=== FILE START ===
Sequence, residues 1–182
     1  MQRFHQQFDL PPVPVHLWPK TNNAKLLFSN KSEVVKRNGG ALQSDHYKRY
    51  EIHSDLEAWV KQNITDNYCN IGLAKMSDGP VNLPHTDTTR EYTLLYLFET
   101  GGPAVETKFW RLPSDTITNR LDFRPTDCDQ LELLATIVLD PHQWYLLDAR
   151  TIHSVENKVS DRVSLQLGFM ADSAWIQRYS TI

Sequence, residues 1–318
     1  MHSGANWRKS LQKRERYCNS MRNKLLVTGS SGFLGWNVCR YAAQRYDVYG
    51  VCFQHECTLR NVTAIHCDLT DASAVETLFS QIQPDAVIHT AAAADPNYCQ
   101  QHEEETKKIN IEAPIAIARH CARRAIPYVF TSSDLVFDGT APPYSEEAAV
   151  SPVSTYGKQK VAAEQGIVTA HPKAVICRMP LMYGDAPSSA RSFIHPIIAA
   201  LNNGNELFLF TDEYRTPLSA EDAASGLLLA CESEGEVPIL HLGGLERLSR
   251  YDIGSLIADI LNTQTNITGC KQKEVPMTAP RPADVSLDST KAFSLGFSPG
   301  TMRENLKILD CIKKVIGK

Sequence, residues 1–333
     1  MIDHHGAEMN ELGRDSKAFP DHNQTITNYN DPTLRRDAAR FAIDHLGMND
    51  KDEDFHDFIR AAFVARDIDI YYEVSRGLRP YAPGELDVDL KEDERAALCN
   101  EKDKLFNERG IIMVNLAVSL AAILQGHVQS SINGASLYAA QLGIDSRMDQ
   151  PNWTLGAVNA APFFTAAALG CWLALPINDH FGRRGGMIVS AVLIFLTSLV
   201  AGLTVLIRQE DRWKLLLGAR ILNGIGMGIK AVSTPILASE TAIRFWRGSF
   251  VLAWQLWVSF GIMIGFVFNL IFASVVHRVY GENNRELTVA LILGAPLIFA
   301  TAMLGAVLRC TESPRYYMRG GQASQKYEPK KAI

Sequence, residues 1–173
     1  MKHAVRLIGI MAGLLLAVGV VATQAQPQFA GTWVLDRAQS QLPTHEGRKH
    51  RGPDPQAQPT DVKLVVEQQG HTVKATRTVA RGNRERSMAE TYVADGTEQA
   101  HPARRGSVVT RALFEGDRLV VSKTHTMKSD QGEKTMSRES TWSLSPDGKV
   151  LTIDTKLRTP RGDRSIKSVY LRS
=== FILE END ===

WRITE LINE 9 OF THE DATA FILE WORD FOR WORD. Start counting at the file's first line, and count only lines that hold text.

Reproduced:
   101  QHEEETKKIN IEAPIAIARH CARRAIPYVF TSSDLVFDGT APPYSEEAAV